EVERETT, Wash., Aug. 27 /PRNewswire-FirstCall/ -- The Boeing (NYSE: BA) Company said today that it now expects delivery of the first 787 in the middle of the first quarter 2011.UPDATE 12:05 AM PT: Here's my full story on the announcement, including what could potentially be happening with the future of the Package A engine.
The delivery date revision follows an assessment of the availability of an engine needed for the final phases of flight test this fall.
While Boeing works closely with Rolls-Royce to expedite engine availability, flight testing across the test fleet continues as planned.
Boeing said last month that the cumulative impact of a series of issues, including supplier workmanship issues related to the horizontal stabilizer and instrumentation delays, could push first delivery of the 787 a few weeks into 2011. The delay in engine availability has extended that estimate to mid-first quarter 2011.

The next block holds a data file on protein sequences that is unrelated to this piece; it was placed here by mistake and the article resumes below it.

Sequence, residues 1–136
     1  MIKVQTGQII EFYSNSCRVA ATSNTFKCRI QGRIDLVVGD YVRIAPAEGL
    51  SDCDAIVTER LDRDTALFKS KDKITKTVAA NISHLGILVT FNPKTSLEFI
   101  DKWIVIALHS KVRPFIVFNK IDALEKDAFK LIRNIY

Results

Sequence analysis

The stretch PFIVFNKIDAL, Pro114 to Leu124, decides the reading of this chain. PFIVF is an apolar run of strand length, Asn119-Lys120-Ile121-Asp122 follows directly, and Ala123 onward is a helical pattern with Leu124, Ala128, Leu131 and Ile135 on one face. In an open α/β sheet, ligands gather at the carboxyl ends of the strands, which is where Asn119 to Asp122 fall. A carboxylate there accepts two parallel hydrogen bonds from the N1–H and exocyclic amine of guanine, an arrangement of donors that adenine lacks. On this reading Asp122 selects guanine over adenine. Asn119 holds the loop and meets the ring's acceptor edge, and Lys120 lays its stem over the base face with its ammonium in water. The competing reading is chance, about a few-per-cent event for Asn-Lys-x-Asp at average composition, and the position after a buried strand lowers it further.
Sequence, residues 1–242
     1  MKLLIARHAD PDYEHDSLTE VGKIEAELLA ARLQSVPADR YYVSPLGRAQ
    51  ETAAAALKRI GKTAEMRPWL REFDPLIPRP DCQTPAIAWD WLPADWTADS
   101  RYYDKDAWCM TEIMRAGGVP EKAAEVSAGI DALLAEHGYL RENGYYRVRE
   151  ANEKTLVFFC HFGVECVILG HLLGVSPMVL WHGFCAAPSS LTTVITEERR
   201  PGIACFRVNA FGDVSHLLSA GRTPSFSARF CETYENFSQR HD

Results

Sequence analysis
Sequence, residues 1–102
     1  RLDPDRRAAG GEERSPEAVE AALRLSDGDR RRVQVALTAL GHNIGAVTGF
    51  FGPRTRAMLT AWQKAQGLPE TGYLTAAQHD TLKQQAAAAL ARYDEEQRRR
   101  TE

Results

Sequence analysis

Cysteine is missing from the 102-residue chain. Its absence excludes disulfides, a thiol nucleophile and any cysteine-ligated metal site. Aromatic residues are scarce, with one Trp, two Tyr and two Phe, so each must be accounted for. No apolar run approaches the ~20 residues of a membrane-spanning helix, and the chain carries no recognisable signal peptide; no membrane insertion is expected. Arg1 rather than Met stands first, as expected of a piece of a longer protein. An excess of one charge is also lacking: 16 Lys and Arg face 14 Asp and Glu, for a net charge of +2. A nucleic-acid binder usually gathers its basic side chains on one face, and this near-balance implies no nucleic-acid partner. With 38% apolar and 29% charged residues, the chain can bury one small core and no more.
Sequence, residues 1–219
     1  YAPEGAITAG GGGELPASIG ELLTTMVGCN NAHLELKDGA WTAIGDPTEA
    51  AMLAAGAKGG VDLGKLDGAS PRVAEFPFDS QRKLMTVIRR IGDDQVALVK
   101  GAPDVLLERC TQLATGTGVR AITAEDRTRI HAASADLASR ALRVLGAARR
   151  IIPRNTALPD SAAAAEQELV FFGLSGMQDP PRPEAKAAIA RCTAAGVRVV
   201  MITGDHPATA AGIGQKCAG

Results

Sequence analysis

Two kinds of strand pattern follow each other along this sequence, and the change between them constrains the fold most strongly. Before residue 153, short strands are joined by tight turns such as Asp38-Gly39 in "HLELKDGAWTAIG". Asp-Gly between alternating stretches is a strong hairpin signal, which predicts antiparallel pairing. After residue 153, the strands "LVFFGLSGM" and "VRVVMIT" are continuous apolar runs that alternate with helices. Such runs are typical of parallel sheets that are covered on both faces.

The schedule revision will not affect the company's financial guidance.
While the airframer did not explicitly address the uncontained 2 August failure of a 'Package A' Trent 1000 in its announcement, the company says "the delivery date revision follows an assessment of the availability of an engine needed for the final phases of flight test this fall", indicating 'Package B' powerplants may be substituted for the early build Trent 1000s for ANA.
With a lack of specifics from Boeing and Rolls-Royce, the future of the Package A engine remains uncertain. However, indications exist that a modification for the failed part will be fed back into the early production engines with the fall testing related to flying Airplane Nine - the first production 787 to fly - on limited engineering tests, instead of Package B certification testing on test aircraft four.